Apparently the title I chose for my last post was a bit presumptuous because shortly thereafter, the universe decided to send me an opposing editorial. I don't often feel like going into as much detail about boring everyday tedium as I am about to do, but the events of the past two weeks have packed so much crazy into such a short period of time, I just had to write a follow-up piece.
Last Thursday evening I was hanging out with some friends and we had pizza. I ate some of this pizza (it was good stuff) and then a couple hours later I started having a lot of abdominal pain, really uncomfortable like when you have eaten way too much, but I only had 2 pieces. Once the pain hit, it started growing stronger and stronger by the minute; it eventually reached what I would call a 9 out of 10 and all I could do was try my best not to hyperventilate.
My wife drove me to the hospital around 3:00 am. By the time we got there, the pain was so strong that I burst into tears and it took them THREE
I.V. doses of Dilaudid just to get the pain under control and bring it down to about a 7. I overheard my nurse and CNA talking out in the hall about how that much pain killer is typically used for gunshot victims. Yikes. A subsequent ultrasound revealed gall stone blockages in my gall bladder which told us what was causing the pain. I didn't know this before, but when the chemicals in your gall bladder get backed up and just sit there with nowhere to go, they actually start breaking down your gall bladder itself. As it turns out, having one of your internal organs start digesting itself
from the inside out, is unbelievably painful. Like, sincerely-beg-someone-
to-punch-you-hard-enough-to-knock-you-out, kind of painful.
I stayed in the E.R. all night, and was rushed into surgery first thing in the morning to have my gall bladder removed. An hour and a half later, I was missing one of my internal organs. I know it is actually pretty common and happens to people every day, but it still sounds kinda crazy to me hearing myself say that. It all happened so fast that to this moment I haven't fully processed the finality of the decision to go ahead with the surgery. There wasn't really a choice though, it had to be done because the pain was utterly and completely unbearable. That being said, being wheeled away from my wife's side and sedated was still an unexpected development. There is always the little voice in the back of your mind that repeats all the potential risks they make you sign that disclaimer for. I have definitely learned over the past 8 years that it is foolish to take anything for granted.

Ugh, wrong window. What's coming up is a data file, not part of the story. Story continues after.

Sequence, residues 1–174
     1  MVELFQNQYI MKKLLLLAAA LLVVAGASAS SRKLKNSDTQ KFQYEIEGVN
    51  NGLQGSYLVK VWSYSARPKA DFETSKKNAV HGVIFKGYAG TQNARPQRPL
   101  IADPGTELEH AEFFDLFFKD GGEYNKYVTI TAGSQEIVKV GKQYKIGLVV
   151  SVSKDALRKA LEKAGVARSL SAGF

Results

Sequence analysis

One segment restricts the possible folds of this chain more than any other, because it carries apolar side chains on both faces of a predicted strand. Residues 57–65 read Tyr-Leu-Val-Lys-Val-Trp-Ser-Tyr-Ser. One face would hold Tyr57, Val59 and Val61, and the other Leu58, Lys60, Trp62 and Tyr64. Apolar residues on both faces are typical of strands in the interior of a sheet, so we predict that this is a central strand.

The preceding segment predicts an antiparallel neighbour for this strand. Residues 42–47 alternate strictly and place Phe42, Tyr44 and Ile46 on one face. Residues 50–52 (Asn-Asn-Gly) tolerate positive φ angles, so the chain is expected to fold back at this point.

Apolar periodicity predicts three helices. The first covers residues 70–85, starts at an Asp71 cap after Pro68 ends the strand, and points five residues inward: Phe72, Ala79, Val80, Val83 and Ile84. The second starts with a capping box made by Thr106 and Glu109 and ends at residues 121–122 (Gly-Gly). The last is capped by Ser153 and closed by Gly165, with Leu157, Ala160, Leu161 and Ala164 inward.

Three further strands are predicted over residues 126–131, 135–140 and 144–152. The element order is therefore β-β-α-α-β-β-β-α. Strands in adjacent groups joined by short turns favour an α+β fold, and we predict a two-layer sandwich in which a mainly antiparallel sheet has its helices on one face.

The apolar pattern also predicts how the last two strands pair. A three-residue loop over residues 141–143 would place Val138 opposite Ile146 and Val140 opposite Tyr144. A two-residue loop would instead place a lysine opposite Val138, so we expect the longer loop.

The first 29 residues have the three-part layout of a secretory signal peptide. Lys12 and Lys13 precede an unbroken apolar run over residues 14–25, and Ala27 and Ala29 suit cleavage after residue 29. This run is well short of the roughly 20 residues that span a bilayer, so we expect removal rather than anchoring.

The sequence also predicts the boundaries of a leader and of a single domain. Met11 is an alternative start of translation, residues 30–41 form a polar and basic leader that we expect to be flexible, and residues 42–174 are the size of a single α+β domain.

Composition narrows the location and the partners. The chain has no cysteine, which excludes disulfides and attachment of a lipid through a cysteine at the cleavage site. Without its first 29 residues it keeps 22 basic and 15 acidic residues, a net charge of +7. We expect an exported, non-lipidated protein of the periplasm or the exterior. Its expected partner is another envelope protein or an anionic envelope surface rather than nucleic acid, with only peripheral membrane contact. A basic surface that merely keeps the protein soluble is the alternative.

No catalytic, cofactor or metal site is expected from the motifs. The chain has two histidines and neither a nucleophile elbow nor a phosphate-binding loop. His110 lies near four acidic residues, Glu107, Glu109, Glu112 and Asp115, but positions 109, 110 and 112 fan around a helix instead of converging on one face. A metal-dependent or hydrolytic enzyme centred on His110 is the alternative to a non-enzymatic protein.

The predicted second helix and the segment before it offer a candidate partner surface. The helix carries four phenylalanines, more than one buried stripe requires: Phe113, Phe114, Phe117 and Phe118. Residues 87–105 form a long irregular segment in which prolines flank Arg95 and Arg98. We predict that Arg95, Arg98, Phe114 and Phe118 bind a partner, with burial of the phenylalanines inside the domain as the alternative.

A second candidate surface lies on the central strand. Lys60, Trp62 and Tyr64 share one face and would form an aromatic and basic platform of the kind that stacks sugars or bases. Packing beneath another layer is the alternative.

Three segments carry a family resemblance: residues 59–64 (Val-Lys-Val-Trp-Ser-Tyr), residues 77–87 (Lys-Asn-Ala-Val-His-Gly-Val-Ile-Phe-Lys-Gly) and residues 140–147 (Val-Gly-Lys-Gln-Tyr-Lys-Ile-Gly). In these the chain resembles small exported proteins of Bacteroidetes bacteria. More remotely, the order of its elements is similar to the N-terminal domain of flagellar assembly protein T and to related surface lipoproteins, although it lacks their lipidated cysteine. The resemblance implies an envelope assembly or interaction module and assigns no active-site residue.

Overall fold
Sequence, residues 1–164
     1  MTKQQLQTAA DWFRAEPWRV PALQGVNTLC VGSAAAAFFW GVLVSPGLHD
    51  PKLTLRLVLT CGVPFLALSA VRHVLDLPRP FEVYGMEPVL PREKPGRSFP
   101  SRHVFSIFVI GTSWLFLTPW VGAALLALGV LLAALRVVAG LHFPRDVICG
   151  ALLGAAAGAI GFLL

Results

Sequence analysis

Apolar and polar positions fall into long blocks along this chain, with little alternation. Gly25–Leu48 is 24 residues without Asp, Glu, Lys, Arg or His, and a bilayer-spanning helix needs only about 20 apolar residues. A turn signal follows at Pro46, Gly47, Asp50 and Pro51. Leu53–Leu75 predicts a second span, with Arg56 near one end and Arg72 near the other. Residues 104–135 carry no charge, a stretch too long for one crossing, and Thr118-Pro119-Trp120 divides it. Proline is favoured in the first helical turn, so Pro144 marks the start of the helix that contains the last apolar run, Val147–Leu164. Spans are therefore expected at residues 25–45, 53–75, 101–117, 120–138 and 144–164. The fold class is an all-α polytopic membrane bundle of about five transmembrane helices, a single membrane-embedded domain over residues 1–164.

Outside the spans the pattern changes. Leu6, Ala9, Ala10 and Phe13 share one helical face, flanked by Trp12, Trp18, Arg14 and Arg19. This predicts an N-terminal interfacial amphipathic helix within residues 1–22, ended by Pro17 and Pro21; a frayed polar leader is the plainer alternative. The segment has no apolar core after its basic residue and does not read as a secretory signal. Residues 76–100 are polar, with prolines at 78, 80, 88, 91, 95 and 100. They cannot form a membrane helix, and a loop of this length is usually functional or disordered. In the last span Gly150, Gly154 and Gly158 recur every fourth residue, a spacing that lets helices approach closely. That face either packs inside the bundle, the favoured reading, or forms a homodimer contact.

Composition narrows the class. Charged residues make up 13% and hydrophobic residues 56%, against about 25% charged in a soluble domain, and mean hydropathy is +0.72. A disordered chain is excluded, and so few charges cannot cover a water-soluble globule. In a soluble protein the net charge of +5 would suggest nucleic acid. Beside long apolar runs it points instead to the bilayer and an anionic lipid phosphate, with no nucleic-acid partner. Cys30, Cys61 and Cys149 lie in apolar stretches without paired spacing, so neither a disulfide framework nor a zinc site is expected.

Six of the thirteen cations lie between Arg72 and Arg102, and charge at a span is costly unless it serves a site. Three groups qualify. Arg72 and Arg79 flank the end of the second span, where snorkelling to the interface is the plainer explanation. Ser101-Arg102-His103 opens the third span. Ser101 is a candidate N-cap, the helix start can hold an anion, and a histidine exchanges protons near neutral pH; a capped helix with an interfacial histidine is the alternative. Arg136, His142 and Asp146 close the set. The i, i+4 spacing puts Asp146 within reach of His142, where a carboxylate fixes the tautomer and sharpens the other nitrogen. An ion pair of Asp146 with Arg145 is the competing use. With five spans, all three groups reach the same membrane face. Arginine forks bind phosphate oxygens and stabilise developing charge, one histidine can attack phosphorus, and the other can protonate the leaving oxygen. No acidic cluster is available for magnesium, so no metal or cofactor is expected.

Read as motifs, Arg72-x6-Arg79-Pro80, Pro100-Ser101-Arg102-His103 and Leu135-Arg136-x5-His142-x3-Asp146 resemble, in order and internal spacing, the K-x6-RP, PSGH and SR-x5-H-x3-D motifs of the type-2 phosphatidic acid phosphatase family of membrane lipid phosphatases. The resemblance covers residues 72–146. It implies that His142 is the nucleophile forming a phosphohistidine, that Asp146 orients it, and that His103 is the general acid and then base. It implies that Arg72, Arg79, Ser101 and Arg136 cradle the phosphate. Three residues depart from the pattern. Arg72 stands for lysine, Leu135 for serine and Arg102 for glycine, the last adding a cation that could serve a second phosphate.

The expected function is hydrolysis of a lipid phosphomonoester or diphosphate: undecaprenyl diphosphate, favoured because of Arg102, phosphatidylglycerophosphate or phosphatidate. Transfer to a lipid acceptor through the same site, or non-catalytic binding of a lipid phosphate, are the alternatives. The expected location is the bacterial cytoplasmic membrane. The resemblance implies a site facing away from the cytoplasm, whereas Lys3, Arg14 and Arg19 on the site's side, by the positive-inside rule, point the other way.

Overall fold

I got to come home late Friday evening, to begin the path to being better. I can't make it all the way to the porcelain throne without help, and the stairs in our house are completely out of the question. Laughing is painful, and coughing/sneezing = death. I'm gonna make it through this though, just like I always do. I am so grateful for the love and support I have surrounding me, my wife and kids are so helpful and sweet.
I've been totally wasted (in both the doped-up way, and the complete exhaustion way) all weekend, starting to feel a little more human by Sunday evening but still pretty trashed. Still can't do the stairs on my own, but I can walk on a flat surface pretty decently. Sleep Sunday night was very restless and Monday morning the feeling of recovery and any energy I had gained back, was gone. I have a gut feeling (no pun intended) that something is wrong, but I am so tired I can't move. I can REALLY feel the spot inside me where one of my internal organs was cut out- it is such a weird feeling! I curl up in a ball in bed and try to sleep it off.
Monday afternoon, my temperature starts rising and pain levels along with it. I wind up with a fever of 102.5 while ON the acetaminophen that is in my pain meds. Something worth noting is that Multiple Sclerosis + fever = OVERWHELMING nerve/muscle pain from head to toe. One of the primary symptoms of MS is extreme temperature sensitivity, and raising the internal temperature of the body you live in definitely counts. All hell begins to break loose inside my body as I seemingly revert to the state I was in BEFORE the surgery. A couple hours of this and by Monday evening I called on 2 of my buddies to help drag me out to the car so my wife can drive me back to the hospital.